Making Your Charitable Dreams a Reality – Part Two: The Application

Once you have your nonprofit corporate entity formed, it is time to apply for tax-exempt status.  The tax exemption application must be filed within 27 months from the end of the month in which it was formed.  There are exceptions to this rule, but generally, you must file your application timely for the entity to be recognized as tax-exempt starting on the date of formation.

The tax-exemption application must be submitted electronically to the IRS. The type of application used depends upon the type of tax-exempt status sought by the applicant.  The attorneys at Waldron & Schneider can help you determine which application to file (Form 1023 or one of several versions of Form 1024) and whether you qualify for a shorter “EZ” form of Form 1023. 

The application must be answered thoroughly, responses must be provided in a specific format, and all required attachments must be included to give your application the best chance of being approved on the first try.     

The experienced nonprofit attorneys at Waldron & Schneider can help you complete the application, submit it electronically, and respond to any requests from the IRS for additional information.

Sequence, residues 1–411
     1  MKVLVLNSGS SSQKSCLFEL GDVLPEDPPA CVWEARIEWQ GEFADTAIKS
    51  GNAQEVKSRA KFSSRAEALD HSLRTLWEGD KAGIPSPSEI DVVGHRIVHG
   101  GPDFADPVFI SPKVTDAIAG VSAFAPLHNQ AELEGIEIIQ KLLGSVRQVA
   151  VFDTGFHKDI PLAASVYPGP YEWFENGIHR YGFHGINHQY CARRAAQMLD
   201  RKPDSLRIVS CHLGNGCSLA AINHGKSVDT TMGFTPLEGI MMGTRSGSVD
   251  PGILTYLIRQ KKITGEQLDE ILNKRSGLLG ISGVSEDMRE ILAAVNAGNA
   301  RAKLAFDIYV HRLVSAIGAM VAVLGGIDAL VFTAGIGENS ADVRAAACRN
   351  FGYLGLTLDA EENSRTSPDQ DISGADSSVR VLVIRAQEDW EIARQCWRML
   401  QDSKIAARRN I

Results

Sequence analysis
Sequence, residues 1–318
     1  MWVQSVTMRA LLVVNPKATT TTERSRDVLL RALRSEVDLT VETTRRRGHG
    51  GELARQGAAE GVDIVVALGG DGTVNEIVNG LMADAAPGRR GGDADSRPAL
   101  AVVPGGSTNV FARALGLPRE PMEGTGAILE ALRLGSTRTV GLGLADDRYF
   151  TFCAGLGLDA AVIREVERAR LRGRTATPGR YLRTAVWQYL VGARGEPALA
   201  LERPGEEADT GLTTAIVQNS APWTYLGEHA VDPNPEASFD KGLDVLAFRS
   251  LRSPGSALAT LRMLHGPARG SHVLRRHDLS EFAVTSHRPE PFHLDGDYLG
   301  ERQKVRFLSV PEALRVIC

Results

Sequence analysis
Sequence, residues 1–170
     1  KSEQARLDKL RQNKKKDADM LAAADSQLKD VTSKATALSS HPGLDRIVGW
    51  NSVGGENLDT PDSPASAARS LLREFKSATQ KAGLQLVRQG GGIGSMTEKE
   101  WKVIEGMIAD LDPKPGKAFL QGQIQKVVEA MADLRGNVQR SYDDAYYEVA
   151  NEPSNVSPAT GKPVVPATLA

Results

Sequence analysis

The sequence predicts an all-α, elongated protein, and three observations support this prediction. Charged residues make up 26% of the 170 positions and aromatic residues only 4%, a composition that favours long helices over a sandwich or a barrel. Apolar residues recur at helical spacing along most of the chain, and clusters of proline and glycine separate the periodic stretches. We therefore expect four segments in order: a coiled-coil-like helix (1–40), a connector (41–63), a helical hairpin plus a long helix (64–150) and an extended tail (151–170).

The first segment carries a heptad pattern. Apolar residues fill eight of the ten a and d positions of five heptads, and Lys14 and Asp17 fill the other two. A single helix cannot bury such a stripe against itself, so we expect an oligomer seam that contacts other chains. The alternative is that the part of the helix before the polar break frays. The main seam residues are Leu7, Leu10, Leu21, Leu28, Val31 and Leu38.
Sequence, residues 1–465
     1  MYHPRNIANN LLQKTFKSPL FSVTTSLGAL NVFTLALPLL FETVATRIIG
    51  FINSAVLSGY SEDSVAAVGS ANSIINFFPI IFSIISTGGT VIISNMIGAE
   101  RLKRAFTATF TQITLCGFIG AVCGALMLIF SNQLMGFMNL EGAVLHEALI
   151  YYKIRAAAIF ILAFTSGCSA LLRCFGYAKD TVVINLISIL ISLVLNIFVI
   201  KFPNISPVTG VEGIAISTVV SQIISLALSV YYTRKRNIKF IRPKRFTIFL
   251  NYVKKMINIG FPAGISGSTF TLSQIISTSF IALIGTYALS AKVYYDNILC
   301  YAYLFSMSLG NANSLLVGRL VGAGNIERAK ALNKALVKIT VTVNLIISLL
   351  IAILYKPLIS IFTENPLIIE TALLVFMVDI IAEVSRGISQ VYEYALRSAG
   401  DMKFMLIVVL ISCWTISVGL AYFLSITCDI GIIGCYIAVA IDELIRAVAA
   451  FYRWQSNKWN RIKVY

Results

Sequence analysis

If you submitted an application on your own and it was not accepted, our attorneys can help you identify possible issues then prepare and submit a response.         

Please call to schedule an appointment with one of the attorneys at Waldron & Schneider to regarding your tax exemption application today.

In the next part of this series, we will discuss maintenance of a nonprofit entity.

The legal information in this blog entry is not intended to be a substitute for seeking personalized legal advice from an attorney licensed to practice in your jurisdiction. Further, nothing contained in this article is intended to create an attorney-client relationship with any reader. This article and website are made available by Waldron & Schneider for educational purposes only and to give basic information and a general understanding of the law, not to provide specific legal advice. By using this website you understand that there is no attorney client relationship between you and Waldron & Schneider. The article and website should not be used as a substitute for competent legal advice from a licensed professional attorney in your state. For more information or questions you can contact us and one of our attorneys will be in touch soon.

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